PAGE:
University of Hawaii President David Lassner joined Spotlight Hawaii to discuss the impact the coronavirus pandemic is having on the UH system. Student enrollment appears to be holding steady, but the number change daily.
“This is the most unpredictable semester ever. Families are making decisions very late, they’re changing their minds. Right now UH Manoa is up a little bit compared to last fall, UH West Oahu is up a little bit compared to last fall, but daily you look at these things,” he said. “I think what’s a nice way to say this, is that it’s not as bad as our worst fears.”
School starts on Monday, but classes will look very different this year. Most will be online whenever possible.
“The only classes that we expect to see our campuses are those that involve activities that we couldn’t figure out how to move online, so that will be like science labs, students in the healthcare professions, art studios in the arts, those sorts of things will be conducted in the physically distanced manner in accordance with CDC guidelines, state guidelines, country orders, so we basically track through all of those,” Lassner explained.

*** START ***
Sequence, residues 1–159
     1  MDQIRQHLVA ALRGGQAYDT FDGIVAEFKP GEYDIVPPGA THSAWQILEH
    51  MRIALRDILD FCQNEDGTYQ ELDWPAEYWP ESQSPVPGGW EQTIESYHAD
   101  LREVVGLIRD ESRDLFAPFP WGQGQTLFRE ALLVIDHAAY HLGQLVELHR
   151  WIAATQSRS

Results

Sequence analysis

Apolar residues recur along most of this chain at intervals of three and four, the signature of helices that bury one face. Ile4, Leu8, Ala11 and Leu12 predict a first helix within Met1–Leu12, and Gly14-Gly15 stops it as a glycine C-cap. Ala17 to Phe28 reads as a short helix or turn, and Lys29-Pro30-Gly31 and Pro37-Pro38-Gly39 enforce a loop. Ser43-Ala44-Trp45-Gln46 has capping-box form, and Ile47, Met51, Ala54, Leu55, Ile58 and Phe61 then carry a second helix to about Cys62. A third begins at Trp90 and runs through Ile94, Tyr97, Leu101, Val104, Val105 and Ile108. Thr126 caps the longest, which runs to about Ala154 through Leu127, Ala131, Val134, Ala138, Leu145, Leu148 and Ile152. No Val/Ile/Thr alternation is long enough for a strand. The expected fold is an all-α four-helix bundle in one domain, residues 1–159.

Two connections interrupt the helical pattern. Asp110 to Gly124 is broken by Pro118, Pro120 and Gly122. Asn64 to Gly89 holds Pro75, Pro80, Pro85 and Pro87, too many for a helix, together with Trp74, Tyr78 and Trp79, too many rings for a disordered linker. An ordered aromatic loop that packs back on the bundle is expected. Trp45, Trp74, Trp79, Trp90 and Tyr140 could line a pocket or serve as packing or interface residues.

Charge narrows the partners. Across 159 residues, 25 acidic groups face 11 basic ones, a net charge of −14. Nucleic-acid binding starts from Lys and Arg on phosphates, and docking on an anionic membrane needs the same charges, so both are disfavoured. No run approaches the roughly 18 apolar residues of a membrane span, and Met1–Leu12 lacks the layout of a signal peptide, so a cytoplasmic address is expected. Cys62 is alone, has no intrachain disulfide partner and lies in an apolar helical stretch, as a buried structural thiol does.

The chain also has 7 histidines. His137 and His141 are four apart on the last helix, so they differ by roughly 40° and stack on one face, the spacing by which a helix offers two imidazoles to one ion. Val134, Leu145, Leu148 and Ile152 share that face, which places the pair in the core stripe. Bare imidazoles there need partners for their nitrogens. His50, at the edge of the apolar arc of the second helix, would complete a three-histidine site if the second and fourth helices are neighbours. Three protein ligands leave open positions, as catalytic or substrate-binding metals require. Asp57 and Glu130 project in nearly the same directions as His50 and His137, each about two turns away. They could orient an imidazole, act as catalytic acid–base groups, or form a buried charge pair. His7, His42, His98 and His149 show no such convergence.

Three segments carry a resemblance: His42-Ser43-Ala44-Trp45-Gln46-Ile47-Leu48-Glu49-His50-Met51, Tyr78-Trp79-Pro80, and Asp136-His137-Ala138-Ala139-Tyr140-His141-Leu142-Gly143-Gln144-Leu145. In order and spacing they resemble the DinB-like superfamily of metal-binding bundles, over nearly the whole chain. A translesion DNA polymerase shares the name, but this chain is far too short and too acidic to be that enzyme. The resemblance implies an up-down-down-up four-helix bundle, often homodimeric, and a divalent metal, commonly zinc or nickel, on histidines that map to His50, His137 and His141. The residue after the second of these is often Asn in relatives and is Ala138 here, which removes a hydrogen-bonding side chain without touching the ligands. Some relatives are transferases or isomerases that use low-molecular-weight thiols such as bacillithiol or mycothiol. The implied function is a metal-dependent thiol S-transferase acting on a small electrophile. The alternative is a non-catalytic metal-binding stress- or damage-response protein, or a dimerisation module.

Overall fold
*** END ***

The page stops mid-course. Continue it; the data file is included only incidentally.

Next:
Lassner discussed changes to UH athletics, with no fall sports this year thanks to cancellations from the Big West and the Mountain West Conferences, which UH participates in. He hopes those sports will resume in the spring.
“If sports can be played safely, the next question actually is will that be with or without fans,” he said.
Lassner also addressed the financial challenges the University is sure to face, with the looming state budget shortfall. He also also spoke about how the UH system is working to support the community, by creating learning opportunities for Hawaii residents.
He also highlighted the partnership between the John A. Burns School of Medicine and the City and County of Honolulu, to create a lab at the medical school for COVID-19 research and testing. Lassner says the facility is expected to be operational by Labor Day.
“It’s focused on increasing testing in underserved populations, in homeless, rural communities, that really don’t have access to healthcare. We’re also looking at it as research lab that will be able to explore new testing methodologies.”
Spotlight Hawaii, which shines a light on issues affecting Hawaii, airs live 10:30 a.m. every Monday and Wednesday on the Honolulu Star-Advertiser’s Facebook page. Join Ryan Kalei Tsuji and Yunji de Nies this month for a conversation about the economy. Click here to watch previous conversations.